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September 2010

Leading Public Opinion: The Challenge of Persuasion at Mass Scale

Antonio Lambino's picture

In yesterday’s OP-ED page of The New York Times, Thomas Friedman suggests characteristics of what non-extremist factions of the American polity want in a leader.  I was struck by the high levels of communication capacity these criteria demand.  According to Friedman, the following are among the required traits of desired leadership:  1) the ability to persuade constituents and 2) the ability to lead, not merely read, public opinion.  Not only do these two things require expertise, they are inextricably linked.

Who am I?

Raju Jan Singh's picture

Continuing the conversation on the question, 'Who am I?'.

Raju Jan Singh:

Who am I? Where is home?
I am from everywhere. Part of my family comes from Malawi. My mother is from Belgium, my father from India. I have an aunt in Australia and an uncle in Canada. My wife is French and my kids have probably turned American. I was born in Switzerland  and now live in Cameroon. So where is home? With such a mix, I feel nowhere really at home, but at the same time I feel myself at home everywhere.

On the riots in Mozambique: Are subsidies the solution?

Antonio Nucifora's picture

Portuguese version here

The recent riots in Maputo were triggered by increases in the cost of living, and they raised concerns of a possible repeat of the 2008 food and fuel price crisis around the world. 

But this time the riots were at least as much the result of misguided domestic policies as of international price volatility. 

Zoellick: Bank to ‘democratize and demystify’ development economics

Julia Ross's picture

In a speech before students, faculty, policymakers and journalists at Georgetown University yesterday, World Bank President Robert Zoellick urged a sweeping new approach to development economics research. He said the Bank will change its research model to better access developing country experience through “Open Data, Open Knowledge, Open Solutions,” and make research more easily accessible to policymakers.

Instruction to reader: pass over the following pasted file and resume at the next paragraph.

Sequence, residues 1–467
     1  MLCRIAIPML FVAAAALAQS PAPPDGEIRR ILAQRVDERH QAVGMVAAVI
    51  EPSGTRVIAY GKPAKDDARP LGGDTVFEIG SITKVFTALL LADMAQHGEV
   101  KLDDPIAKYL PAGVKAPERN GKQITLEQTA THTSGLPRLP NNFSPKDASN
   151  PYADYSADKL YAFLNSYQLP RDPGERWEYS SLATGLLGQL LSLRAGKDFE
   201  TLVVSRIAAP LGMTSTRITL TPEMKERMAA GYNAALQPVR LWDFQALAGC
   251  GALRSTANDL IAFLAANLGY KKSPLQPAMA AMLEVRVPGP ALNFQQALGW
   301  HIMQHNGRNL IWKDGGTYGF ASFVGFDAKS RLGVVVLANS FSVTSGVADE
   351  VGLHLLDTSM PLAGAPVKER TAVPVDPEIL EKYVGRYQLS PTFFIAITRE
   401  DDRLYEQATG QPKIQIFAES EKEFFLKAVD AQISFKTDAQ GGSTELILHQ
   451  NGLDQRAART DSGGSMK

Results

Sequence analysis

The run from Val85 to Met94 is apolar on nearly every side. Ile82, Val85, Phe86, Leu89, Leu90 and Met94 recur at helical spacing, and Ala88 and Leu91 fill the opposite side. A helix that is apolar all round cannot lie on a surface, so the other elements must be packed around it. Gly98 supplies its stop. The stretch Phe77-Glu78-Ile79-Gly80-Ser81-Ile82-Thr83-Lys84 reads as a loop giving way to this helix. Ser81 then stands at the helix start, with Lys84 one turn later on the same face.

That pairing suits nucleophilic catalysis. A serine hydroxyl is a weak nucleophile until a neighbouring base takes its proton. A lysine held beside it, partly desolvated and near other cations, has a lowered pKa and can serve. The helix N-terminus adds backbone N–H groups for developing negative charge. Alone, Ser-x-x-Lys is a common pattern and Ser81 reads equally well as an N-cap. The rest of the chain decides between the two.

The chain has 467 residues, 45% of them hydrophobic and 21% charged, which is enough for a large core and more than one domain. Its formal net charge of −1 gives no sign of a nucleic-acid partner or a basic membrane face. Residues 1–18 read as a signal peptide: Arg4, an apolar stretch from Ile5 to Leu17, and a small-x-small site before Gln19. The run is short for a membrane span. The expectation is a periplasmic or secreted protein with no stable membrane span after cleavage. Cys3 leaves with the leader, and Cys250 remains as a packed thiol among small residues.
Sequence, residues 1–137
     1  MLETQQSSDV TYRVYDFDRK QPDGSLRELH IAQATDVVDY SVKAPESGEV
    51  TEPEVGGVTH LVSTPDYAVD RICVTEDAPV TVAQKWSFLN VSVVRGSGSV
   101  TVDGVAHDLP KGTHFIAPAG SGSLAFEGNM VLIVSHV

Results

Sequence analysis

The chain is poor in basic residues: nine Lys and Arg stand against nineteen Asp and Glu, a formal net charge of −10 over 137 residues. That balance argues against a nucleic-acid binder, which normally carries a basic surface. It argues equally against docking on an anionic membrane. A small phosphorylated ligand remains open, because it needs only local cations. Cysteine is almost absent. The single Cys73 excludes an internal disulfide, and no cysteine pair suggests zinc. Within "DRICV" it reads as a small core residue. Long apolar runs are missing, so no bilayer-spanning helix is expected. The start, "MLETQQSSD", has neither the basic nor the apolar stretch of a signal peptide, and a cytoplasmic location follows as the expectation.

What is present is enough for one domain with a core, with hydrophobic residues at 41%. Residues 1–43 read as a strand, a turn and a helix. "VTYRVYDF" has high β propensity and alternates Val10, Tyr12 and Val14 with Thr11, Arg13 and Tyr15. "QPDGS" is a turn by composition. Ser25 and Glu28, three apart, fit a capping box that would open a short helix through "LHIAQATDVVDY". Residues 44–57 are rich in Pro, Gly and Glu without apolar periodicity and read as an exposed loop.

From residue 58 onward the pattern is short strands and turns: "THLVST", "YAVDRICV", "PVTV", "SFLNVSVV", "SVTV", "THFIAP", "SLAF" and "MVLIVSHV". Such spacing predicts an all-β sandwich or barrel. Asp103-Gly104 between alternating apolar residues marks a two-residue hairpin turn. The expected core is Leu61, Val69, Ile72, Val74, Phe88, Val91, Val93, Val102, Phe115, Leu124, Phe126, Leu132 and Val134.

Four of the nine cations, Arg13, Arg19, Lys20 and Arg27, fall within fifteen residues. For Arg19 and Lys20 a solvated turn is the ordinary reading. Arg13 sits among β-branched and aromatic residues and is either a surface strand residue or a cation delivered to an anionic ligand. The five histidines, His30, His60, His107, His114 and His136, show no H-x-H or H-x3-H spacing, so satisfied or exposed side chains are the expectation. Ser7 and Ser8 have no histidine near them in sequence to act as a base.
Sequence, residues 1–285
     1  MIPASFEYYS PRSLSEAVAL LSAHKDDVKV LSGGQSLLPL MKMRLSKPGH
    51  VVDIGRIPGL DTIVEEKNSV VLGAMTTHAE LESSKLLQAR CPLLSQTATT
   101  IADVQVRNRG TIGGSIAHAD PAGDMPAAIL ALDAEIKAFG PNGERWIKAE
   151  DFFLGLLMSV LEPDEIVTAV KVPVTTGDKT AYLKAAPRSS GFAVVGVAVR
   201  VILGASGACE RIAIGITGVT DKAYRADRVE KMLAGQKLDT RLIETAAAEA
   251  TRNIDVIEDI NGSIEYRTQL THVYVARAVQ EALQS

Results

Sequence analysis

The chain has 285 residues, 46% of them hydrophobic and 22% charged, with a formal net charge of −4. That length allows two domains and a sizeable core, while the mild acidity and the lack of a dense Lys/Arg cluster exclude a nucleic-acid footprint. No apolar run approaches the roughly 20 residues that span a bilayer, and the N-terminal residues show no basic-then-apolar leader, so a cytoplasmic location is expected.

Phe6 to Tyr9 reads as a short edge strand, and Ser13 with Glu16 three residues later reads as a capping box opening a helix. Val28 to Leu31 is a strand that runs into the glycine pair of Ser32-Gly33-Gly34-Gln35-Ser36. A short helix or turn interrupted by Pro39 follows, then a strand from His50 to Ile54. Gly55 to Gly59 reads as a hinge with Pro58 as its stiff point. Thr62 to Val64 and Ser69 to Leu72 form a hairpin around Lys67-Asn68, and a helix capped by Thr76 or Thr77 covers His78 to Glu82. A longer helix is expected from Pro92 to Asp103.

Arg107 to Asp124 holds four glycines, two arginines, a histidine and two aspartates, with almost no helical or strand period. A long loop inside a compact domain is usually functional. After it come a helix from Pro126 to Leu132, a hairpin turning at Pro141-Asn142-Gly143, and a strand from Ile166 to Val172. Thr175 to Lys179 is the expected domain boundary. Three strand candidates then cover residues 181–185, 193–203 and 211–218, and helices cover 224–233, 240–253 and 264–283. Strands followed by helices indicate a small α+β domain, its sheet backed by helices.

May the Force of Broad-Based Economic Growth Be with You

Cara Santos Pianesi's picture

 If the world has a stage, the annual September gathering of the UN’s General Assembly is it. There, world leaders have an opportunity to address their colleagues (and, by media extension, global constituents) in a somewhat long-format speech. At the General Assembly, Premier Khrushchev banged his shoe. And, with understandably less attention, President Obama had this to say about development at this year’s High-Level Plenary Meeting (a.k.a. the Review Summit on the Millennium Development Goals):

“…To unleash transformational change, we’re putting a new emphasis on the most powerful force the world has ever known for eradicating poverty and creating opportunity. It’s the force that turned South Korea from a recipient of aid to a donor of aid. It’s the force that has raised living standards from Brazil to India… 

Farewell

Tony Whitten's picture

It is part of World Bank tradition that, just before retiring, a staff member sends a short email to his/her colleagues to express how much they have enjoyed the challenges of working here, the partnerships they have had in their focus countries, and - most of all - the camaraderie of their committed, dedicated, hard-working co-workers. All this could be perceived as trite, but the feelings are absolutely genuine – as I am now finding.

Sanumaya’s Tale

Sabina Panth's picture

Sanumaya lives with her five children and frailing mother-in-law in a rural village in Nepal.  Her husband, Gopal has left for United Arab Emirates as a labor migrant.  Last year, the hybrid seeds sold in the local market had led to crop failure, bringing the family to near bankruptcy.  To save his family from destitution, Gopal borrowed money from the local businessman and set off overseas.  In the meantime, Sanumaya joined a local women’s savings and credit group, from where she takes out loan money to do animal husbandry.  The meager income Sanumaya earns from her business is barely enough to sustain the family.  Gopal has not sent home any money yet.  He’s probably saving it to repay the local businessman.  Fortunately, the ancestral home that Sanumaya and Gopal inherited has a lush backyard, where Sanumaya grows vegetables and lets her goats roam about freely. She hopes to sell the goats someday and make some money.


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